4.) ritard over 8 bars to the B section which features a lyrical theme in the flute or oboe, maybe the alto saxophone or trumpet. Your choice of solo instrument here will determine which bands play your works. This is where you write the important solo moment for that one student who actually takes lessons or is a graduating senior who has been a polite student who’s mom has helped sell the most band fruit all these years. You can use suspended cymbal swells here and some triangle to demonstrate sensitive percussion color. You might even use a snare drum roll crescendo to a bass drum and cymbal crash for the tutti statement of this lyrical theme. Maybe use a chime note or two (not too many though)

    5.) a fast 4 or 8 bar percussion interlude back to the Allegro A theme featuring temple blocks (definitely the temple blocks, because although they’re not specifically pitched, decent drummers who can’t read mallet parts can figure out the important five notes over the 8 weeks the concert piece is rehearsed.) The snare drum should have more eighth-sixteenth patterns here. 1 bar of prominent tom-toms should be used as well.

    6.) The slightly reduced scale of this 2nd allegro builds to another statement of the Maestoso introduction. This is where you add the tam-tam.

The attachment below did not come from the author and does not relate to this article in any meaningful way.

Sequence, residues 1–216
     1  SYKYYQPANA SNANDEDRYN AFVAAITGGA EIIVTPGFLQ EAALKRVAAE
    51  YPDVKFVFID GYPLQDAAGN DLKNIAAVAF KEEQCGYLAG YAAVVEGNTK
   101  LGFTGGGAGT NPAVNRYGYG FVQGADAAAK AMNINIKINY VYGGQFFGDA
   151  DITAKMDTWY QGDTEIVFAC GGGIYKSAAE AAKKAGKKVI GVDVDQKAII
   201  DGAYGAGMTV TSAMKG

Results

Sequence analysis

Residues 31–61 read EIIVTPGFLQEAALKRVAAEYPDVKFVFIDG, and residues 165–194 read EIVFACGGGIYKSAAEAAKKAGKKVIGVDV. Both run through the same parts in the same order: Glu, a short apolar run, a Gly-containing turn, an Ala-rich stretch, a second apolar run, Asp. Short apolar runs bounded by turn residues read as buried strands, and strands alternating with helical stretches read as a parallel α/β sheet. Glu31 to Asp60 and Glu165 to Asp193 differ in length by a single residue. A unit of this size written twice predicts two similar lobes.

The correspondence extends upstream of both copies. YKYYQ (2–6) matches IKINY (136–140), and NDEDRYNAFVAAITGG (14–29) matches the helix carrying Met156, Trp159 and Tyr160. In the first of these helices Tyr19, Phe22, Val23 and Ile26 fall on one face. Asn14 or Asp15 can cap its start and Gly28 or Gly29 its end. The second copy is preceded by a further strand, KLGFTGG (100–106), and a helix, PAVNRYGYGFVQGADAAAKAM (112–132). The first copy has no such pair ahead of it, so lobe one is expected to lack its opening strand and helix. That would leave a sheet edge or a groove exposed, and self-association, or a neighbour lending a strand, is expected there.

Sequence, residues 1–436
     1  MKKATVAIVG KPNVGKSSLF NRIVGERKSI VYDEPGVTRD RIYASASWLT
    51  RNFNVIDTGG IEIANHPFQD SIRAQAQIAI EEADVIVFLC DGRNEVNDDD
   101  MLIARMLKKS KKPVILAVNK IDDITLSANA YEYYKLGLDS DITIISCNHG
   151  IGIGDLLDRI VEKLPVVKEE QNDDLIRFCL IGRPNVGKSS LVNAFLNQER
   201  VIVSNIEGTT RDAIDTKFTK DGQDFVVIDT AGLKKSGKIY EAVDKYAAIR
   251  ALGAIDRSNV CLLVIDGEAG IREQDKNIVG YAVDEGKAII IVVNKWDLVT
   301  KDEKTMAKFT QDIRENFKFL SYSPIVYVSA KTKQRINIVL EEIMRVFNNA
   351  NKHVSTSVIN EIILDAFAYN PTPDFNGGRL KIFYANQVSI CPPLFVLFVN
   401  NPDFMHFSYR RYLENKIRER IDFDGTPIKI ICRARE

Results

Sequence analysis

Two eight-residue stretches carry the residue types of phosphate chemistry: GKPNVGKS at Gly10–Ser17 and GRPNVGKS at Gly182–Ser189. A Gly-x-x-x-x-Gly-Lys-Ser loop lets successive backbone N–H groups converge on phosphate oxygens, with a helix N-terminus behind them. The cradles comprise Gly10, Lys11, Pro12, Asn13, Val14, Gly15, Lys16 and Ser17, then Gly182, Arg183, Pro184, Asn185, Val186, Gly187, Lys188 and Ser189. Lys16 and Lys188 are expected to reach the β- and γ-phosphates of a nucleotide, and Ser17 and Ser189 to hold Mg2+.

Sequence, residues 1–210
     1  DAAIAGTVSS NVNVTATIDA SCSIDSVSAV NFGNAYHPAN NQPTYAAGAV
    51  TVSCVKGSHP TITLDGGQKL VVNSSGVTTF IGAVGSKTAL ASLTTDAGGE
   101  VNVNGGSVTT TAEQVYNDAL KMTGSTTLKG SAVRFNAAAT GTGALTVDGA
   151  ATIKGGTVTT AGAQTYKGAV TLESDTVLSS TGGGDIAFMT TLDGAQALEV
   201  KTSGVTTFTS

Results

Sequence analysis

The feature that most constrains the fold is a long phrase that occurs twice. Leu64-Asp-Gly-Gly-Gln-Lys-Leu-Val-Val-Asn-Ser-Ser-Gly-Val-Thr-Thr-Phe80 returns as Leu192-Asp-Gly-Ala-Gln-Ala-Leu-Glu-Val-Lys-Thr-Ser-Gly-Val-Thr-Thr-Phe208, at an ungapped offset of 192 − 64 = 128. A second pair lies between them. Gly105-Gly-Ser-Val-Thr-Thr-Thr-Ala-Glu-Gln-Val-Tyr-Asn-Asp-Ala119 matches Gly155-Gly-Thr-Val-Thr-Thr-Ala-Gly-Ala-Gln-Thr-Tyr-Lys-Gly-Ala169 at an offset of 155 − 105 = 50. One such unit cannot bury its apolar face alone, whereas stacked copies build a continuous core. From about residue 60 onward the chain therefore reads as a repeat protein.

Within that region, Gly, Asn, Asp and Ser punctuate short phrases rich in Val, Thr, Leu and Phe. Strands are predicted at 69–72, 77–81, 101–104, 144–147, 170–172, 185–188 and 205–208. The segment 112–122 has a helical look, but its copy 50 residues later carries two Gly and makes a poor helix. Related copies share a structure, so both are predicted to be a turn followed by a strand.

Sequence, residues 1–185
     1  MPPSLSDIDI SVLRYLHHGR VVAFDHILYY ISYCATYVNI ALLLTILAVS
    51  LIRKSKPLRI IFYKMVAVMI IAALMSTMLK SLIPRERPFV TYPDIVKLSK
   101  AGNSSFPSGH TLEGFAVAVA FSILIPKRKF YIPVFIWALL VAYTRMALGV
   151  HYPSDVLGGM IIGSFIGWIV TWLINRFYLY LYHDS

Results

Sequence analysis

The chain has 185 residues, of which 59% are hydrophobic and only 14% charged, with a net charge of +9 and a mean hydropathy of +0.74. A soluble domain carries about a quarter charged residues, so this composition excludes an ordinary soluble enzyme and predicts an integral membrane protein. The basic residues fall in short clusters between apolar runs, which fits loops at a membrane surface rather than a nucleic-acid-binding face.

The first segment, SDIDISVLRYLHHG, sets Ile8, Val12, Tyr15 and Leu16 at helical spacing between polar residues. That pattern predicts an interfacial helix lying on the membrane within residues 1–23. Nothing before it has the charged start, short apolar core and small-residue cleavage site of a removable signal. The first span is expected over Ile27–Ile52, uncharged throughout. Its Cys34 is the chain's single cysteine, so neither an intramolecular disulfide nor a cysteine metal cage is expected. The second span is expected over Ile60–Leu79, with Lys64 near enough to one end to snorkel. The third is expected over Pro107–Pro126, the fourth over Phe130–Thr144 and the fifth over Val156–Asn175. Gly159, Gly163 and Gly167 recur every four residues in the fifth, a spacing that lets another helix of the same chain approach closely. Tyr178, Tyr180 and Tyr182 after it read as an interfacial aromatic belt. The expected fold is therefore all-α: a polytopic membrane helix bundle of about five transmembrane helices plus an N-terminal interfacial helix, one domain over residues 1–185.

7.) a final coda of 8-16 bars marked Molto Vivace or even Presto for tutti ensemble ending with a strong authentic cadence leading to beat one. If not using an authentic cadence, try using a VIIb to I or maybe even a bIIMaj7 to I to prove that you’re willing to use “edgy” contemporary harmonies. (an aside: the last chord of the Persichetti Sixth Symphony has all twelve notes in it, but high school bands don’t play Persichetti anymore. Sadly, nobody plays Persichetti anymore.)

    This is your typical contest piece. There’s also the typical contemporary-style piece now which uses singing or humming in the band along with the mark tree and shakers. All harmonies are tonal, but relationships aren’t necessarily common practice. Try lots of open fifths or parallel intervals. If it’s for advanced band you might use a synthesizer or wine glasses.

  10. Oops, I almost forgot – don’t forget to add two gratuitous 7/8 bars (one in each A part) to show that your kids can play mixed meters and that the director can conduct it as well!

  11. Okay, time to toot my own horn:, for concert band, which you can hear here:

    It’s a smaller instrumentation, but I approached it like it was a large “big band.” Stan Kenton meets Zappa, if you will!

  12. Daniel says:

    Ah, 3+3+2, or as I like to call it the “Coldplay leitmotif”

  13. Jim Swearingen had that rhythm down in the late ’70′s. I believe that he chose the titles for many of his pieces from the streets in his subdivision. (Invicta, Denbridge Way).

  14. I remember playing some Swearingen works that were all about the sea.

    Does anyone else think that there might be a bit of snobbery toward writing for band? I think the band repertoire has an immense log of extremely boring or predictable works and that it is a wonderful ensemble neglected by too many composers.

  15. Tim Risher says: